the root of skin health is the microbiome.
Skin is the human body’s largest organ and serves as our first line of defense against temperature fluctuations, damaging UV rays and environmental toxins.1 It helps prevent infection and is packed with nerves that keep the brain in touch with the outside world. Skin is made up of three main layers — the outermost is called the epidermis and this is where many microorganisms that make up our skin microbiome reside.
Think of the skin microbiome as a collection of ecosystems home to trillions of microorganisms essential for not only skin but comprehensive health.2 Our microbiome plays a vital role in fending off disease-causing microorganisms (pathogens), boosting barrier protection and aiding immune defenses.3 Maintaining a balanced skin microbiome involves a complex and dynamic interplay among microorganisms, immune cells, skin cells and more.
skin health impacts overall health.
Recent studies have linked skin health to comprehensive health by potentially influencing the state of our entire body. Disturbances of the epidermis are implicated in allergies (eczema and food allergies), psoriasis, acne and skin aging, perhaps due to the microbiome’s potential ability to communicate with our immune system.4 Studies have also revealed the potential association between atopic dermatitis and autoimmune disorders, and eczema and the risk of cardiovascular disease.5
what affects skin health?
Age and gender are the most important factors that are specific to each person and affect their unique skin microbiome.6 Additional factors that influence one’s microbiome are hygiene habits, lifestyle, and the environment they live in. The skin microbiome is also affected by external environmental conditions, including temperature, humidity and sunlight.7
Traditional personal care products have the potential to negatively influence the skin microbiome by reducing its diversity or changing the composition, which can affect comprehensive health.8 Another factor that affects the skin microbiome is pH-disrupting topicals. Your skin is naturally acidic, hovering at a pH level of approximately 5.9 This is important because the “good” microorganisms on your skin prefer a more acidic environment. If your pH is disrupted too dramatically or too frequently, it can create an environment for unwanted microbes to thrive. iota formulations are crafted at a microbiome-friendly pH level of 5.0-5.5.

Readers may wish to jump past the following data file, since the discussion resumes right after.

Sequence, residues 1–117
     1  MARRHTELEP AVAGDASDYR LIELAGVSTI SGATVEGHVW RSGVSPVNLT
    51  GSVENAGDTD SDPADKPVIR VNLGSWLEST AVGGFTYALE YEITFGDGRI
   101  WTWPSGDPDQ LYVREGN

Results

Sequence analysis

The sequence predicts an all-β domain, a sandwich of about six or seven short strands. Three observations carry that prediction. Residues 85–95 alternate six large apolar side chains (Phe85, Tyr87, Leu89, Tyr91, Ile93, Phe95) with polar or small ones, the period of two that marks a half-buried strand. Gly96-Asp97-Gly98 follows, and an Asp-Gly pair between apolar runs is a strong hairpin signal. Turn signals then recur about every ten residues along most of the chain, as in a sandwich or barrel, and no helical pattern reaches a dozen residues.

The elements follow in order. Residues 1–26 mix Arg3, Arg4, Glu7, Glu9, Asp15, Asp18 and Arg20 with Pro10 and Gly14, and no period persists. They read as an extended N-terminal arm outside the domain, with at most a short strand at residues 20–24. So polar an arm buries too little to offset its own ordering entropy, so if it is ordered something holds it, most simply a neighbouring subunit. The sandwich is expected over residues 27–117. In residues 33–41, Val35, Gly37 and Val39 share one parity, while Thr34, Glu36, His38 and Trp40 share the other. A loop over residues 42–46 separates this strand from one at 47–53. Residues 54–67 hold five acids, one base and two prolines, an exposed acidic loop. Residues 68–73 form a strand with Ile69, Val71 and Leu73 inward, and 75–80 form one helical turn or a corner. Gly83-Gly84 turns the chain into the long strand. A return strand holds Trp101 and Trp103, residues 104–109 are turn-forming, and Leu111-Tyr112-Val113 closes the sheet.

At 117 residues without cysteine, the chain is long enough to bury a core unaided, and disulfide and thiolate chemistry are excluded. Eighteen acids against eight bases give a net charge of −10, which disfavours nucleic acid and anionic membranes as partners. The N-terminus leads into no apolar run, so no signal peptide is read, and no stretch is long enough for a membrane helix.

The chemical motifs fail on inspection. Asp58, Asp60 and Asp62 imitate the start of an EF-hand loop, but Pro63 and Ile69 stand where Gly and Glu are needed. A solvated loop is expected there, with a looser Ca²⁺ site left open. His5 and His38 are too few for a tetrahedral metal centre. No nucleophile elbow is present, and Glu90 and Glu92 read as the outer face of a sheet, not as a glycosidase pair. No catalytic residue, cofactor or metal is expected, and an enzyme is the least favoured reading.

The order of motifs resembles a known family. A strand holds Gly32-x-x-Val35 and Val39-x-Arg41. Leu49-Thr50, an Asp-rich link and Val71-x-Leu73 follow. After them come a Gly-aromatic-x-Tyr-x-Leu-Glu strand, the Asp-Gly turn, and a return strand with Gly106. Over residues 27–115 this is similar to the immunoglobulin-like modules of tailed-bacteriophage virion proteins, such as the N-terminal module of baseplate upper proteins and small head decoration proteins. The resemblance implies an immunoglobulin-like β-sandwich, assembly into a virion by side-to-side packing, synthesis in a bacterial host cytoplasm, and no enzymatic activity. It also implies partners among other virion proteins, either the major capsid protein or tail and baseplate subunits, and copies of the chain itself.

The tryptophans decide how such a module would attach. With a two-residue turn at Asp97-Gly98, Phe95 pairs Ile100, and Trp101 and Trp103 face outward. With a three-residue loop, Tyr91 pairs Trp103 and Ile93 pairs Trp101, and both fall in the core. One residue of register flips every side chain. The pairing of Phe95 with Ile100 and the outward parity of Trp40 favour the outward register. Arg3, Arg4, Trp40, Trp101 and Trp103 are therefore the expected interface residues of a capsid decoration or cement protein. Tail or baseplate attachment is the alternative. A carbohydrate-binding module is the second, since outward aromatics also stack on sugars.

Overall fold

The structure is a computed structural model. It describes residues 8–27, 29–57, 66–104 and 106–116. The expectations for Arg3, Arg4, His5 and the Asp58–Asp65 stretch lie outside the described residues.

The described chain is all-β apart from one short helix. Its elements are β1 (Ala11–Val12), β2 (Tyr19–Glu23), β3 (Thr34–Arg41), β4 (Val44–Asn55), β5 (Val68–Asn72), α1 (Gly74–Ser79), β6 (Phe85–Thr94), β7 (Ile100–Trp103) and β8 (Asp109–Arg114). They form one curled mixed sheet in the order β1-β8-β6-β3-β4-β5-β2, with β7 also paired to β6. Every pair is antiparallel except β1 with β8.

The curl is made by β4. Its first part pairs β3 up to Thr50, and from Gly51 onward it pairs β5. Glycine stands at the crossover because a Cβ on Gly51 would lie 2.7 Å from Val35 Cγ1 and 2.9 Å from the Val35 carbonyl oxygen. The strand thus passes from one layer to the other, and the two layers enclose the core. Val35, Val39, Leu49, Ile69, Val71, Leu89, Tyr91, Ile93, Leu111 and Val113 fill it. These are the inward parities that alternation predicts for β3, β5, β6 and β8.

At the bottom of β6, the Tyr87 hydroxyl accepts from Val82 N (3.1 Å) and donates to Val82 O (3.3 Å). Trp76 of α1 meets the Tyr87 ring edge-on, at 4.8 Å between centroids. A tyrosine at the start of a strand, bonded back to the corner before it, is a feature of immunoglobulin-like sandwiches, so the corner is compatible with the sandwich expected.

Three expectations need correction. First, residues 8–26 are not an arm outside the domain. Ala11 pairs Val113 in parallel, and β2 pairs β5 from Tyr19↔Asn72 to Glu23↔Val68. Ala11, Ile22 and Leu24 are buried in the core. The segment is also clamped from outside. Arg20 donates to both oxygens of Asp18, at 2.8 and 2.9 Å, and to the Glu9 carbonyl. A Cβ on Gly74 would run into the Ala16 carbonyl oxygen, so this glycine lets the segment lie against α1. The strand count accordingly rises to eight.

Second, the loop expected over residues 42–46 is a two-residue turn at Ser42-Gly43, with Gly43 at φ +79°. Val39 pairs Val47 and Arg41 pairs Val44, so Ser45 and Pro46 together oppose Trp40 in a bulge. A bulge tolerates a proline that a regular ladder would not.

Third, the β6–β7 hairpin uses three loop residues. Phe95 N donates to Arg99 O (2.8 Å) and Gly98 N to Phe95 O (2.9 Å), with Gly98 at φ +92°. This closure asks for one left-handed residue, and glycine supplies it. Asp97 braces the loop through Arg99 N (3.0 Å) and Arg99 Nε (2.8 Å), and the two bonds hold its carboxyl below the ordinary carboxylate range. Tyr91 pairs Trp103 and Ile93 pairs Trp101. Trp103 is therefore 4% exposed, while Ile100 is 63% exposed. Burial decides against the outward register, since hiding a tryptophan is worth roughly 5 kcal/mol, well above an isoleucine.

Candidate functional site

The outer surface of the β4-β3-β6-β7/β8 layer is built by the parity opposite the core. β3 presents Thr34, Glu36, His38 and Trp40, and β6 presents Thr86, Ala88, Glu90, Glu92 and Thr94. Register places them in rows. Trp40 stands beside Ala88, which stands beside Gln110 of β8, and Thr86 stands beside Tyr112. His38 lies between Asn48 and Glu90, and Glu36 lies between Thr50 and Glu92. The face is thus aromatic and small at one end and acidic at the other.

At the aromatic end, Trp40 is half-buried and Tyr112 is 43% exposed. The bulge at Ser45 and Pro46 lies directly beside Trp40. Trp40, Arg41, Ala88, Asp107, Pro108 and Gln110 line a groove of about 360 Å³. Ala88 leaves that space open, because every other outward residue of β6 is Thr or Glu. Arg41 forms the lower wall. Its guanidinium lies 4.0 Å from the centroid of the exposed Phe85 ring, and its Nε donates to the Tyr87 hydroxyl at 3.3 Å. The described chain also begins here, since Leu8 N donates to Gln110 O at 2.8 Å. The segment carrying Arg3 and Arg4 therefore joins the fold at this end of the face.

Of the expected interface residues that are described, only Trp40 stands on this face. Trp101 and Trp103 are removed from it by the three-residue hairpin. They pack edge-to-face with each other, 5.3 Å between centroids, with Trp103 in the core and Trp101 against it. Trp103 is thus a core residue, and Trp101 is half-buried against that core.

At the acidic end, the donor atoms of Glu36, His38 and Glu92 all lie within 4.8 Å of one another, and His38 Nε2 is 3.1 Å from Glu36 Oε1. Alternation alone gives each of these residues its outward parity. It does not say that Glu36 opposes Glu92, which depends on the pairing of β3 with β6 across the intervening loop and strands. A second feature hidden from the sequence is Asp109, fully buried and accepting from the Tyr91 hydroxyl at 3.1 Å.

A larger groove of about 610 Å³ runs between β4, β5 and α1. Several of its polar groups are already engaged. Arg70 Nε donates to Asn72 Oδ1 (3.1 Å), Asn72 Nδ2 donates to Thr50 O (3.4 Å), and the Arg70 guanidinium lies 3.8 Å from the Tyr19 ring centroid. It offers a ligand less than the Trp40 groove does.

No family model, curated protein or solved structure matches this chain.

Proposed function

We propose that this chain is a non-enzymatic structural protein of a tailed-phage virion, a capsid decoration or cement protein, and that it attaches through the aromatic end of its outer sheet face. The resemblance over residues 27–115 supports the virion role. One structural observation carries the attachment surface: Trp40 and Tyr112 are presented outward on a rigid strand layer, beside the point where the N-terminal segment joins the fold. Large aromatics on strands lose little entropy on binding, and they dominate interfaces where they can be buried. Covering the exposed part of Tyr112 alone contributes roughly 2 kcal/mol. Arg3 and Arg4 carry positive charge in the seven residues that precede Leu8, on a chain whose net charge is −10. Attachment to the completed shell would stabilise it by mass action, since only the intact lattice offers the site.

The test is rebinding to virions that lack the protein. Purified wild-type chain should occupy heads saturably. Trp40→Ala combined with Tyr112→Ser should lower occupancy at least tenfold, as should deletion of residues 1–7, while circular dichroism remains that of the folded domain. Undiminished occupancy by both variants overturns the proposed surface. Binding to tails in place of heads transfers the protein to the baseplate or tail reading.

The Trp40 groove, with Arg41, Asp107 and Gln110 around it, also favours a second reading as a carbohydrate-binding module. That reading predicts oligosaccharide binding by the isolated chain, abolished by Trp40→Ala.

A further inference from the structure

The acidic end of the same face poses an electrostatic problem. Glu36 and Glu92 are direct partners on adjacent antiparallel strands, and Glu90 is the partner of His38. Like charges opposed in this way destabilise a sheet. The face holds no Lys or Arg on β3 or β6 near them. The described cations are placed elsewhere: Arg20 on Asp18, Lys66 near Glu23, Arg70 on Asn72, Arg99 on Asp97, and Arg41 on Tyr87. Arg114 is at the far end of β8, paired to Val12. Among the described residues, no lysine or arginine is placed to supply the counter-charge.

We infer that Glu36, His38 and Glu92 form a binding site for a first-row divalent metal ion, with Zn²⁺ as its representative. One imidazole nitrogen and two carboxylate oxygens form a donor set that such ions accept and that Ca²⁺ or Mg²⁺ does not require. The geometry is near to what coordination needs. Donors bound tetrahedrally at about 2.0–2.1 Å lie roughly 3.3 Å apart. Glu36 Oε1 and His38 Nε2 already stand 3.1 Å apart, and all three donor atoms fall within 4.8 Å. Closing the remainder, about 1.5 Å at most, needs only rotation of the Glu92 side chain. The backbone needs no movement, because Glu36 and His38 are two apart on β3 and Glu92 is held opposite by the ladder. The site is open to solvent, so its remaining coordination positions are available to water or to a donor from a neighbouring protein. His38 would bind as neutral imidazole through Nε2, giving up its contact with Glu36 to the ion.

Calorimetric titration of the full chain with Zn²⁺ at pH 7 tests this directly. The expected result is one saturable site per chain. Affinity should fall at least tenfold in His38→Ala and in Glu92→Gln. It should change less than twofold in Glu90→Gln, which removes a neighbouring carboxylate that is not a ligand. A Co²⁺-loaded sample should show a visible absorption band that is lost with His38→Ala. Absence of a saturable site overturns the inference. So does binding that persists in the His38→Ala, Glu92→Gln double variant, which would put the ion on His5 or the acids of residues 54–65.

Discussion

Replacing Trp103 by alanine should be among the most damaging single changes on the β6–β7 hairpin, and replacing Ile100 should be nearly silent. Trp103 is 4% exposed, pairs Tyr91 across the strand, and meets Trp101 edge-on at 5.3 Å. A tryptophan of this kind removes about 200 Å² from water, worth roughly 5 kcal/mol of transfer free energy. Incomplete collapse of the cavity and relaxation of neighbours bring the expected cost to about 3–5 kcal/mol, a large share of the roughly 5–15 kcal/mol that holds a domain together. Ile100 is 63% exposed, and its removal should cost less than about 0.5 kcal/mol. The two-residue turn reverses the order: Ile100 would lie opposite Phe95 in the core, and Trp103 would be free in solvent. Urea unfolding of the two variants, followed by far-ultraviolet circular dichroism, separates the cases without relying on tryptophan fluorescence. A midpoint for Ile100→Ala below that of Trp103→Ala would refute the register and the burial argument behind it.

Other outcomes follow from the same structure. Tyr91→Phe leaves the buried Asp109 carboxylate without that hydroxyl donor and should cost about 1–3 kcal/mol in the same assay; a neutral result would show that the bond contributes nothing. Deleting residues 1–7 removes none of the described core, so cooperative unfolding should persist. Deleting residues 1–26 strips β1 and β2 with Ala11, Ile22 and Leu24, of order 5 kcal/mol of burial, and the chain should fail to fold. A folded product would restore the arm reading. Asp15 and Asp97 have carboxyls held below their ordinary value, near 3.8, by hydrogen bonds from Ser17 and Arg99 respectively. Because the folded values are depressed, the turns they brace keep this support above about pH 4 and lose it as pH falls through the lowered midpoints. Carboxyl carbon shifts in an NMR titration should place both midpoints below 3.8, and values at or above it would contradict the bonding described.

the future of skin health.
Prebiotics, probiotics and postbiotics have the capacity to optimize, maintain and restore the microbiota of skin in different ways.10 Prebiotics are the nutrients (or food) the “good” bacteria need to flourish.11 They also help promote the growth of “good” bacteria to crowd out the “bad," sometimes acne-causing, bacteria. All iota formulations include inulin, a prebiotic derived from chicory root.
The World Health Organization defines probiotics as “live microorganisms which when administered in adequate amounts confer a health benefit on the host.”12 Probiotics are living organisms aka live bacteria beneficial to skin, but most living organisms are not able to survive in topical formulations due to preservative systems and temperature. iota formulations do not contain any “probiotics” — simply put, there are no live strains of bacteria that reside in our formulations. Instead, we use postbiotics.
The International Cooperation on Cosmetic Regulation defines postbiotics as “inanimate cells or cell fractions, a filtrate of a fermentation or a metabolite of a microorganism of microbial origin” and studies have shown that they can mimic the benefits of live probiotics.13 Included in our overall microbiome balancing formulation is Lactobacillus Ferment Lysate, which studies have shown can act like an anti-inflammatory, repair the skin barrier and help balance the skin microbiome.14
All iota formulations utilize this proprietary blend of prebiotics— plant-derived extracts that help good microbes thrive — and postbiotics — cell fragments that mimic the benefits of live probiotic strains — to promote the optimal way to balance skin.
- https://aacijournal.biomedcentral.com/articles/10.1186/s13223-021-00597-4; https://www.ncbi.nlm.nih.gov/pmc/articles/PMC6753240/
- https://pubmed.ncbi.nlm.nih.gov/23286870/; https://www.cell.com/cell-reports-medicine/pdfExtended/S2666-3791(22)00021-0